Monday, October 1, 2012

Day 22/60: The Metropolitan MoA

Sunday, 9/30: New York City

Like yesterday, today combined the joy of art with the pleasure of good company. The scene of both was the Metropolitan Museum of Art.

This was our first day to use public transportation to get from our hotel in Queens into Manhattan, and to be frank, the process of climbing the stairs to the train in Queens, transferring to another line at Grand Central Terminal, climbing the stairs back to the street at our destination, walking a half-dozen blocks to the museum, climbing the impressive front steps, buying tickets, and stowing our stuff was strenuous enough to leave us rather puffed. We reacted differently. Setting his teeth with determination, Dan charged into the new American wing, which was our chief objective. I lolled around in the lovely sky-lighted sculpture court until the espresso stand opened at 11:00, then I had a latte.

Cleopatra by William Wetmore Story
Photo by Jan
After that, I quickly caught up with Dan in the American wing. He was urgently absorbed in photographing his old favorites. I followed him around for about an hour.

Then we rushed off to the Petrie Court restaurant, arriving just on time at 12:30; our friends Kelly and Frank were waiting for us. We first met them in 2007 at the Museum of Modern Art when we were sitting near them at a long, shared table in the cafeteria. Our mutual interest in art led to a lively conversation. The next day we ran into them again at The Met, where we were all viewing a special exhibit called "The Clark Brothers Collect." That coincidence caused us to exchange e-mail addresses, and I had been corresponding with them ever since. It was a treat to see them in person; the conversation was wide-ranging and high-quality. The food was exceptional, and they picked up the tab. I was tempted to hang out with them all afternoon, but Dan said, "Come on. We have work to do."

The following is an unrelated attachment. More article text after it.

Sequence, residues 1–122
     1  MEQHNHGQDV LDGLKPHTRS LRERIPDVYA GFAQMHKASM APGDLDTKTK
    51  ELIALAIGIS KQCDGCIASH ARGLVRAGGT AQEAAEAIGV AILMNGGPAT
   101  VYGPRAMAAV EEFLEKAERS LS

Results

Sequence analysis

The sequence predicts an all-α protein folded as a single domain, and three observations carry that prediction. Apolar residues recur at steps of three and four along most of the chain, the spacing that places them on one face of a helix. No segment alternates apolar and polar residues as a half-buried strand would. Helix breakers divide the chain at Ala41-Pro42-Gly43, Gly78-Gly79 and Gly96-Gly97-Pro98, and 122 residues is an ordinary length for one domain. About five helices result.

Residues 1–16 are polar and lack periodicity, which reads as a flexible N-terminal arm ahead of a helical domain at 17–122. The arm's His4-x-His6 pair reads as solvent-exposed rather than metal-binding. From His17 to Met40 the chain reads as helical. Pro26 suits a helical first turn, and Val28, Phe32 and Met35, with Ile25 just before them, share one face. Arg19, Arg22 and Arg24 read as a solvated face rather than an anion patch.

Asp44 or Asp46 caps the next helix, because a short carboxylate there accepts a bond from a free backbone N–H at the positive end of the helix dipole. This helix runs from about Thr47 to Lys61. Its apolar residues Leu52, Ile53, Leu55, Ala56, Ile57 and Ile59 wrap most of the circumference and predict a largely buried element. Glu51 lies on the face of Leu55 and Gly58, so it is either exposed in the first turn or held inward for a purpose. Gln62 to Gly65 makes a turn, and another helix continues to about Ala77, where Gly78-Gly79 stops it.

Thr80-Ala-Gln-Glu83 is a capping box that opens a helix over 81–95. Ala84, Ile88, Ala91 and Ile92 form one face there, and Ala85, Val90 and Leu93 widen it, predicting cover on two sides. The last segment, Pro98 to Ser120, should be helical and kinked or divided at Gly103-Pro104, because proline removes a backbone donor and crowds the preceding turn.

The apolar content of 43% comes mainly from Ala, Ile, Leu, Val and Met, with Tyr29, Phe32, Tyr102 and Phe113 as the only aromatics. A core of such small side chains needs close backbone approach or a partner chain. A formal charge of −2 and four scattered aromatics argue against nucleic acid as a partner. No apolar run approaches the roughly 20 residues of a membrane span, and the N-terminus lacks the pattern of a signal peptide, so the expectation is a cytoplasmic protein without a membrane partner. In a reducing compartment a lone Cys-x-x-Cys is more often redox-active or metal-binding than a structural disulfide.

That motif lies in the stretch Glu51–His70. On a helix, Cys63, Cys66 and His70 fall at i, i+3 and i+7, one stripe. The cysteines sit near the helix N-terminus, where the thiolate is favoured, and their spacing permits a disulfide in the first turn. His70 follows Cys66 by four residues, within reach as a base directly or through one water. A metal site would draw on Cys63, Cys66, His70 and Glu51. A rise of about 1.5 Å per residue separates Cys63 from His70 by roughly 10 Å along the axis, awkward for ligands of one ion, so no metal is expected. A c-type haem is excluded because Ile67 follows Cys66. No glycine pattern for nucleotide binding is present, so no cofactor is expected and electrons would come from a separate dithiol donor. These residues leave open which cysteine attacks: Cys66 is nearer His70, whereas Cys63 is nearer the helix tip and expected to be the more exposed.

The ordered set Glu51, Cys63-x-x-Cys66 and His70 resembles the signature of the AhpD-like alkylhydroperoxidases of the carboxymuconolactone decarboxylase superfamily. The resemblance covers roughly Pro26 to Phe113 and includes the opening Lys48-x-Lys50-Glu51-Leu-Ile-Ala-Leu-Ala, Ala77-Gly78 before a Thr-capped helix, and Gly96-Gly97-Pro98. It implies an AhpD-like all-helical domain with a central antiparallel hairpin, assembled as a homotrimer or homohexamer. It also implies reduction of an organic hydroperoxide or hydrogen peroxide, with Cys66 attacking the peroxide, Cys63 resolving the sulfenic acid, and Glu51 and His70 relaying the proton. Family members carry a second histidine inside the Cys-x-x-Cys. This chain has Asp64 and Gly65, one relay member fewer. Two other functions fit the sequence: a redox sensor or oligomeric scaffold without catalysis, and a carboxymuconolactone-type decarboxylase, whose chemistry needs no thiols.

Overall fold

Frank King and Kelly Karavites,
Petrie Court Restaurant, The Met
Photo by Dan L. Smith
The more you know about art, and the more you care, the more you appreciate The Met. It is just astounding that they could have collected so many masterpieces in one place. If you just look at the monetary value alone—assuming you could place a value on priceless artifacts of history—walking through these galleries is like walking through Fort Knox and admiring the piles of bullion.

The American Wing opens with a bang with a monumental patriotic work by Emmanuel Leutze.

Washington Crossing the Delaware, 1851
by Emanuel Leutze (1816-1868)
Dan's photo

When the United States was a newly formed nation on a vast, unexplored continent, landscape became an important subject. Not far behind the explorers and pioneers, landscape artists presented information about faraway places as well as expressing a sort of pride of ownership that counts as patriotism. On top of this, advanced thinkers of the time were looking at nature as a divine force. Artists expressed this idea by creating monumental perspectives with rare and transcendent light effects.

The Beeches, 1845
by Asher B. Durand (1796-1886)
Dan's photo

View from Mount Holyoke, Northhampton, MA after a Thunderstorm-The Oxbow, 1836
by Thomas Cole (1801-1848)
Dan's photo

Heart of the Andes, 1859
by Frederic Edwin Church (1826-1900)
Dan's photo

Similarly, painting served to document typical activities in a spread-out nation before photography became available on a wide scale.

Cider Making, 1840-41
by William Sidney Mount (1807-1868)
Dan's photo

Fur Traders Descending the Missouri, 1845
by George Caleb Bingham (1811-1879)
Dan's photo

Snap the Whip, 1872
by Winslow Homer (1836-1910)
Dan's photo

The Gulf Stream, 1899
by Winslow Homer (1836-1910)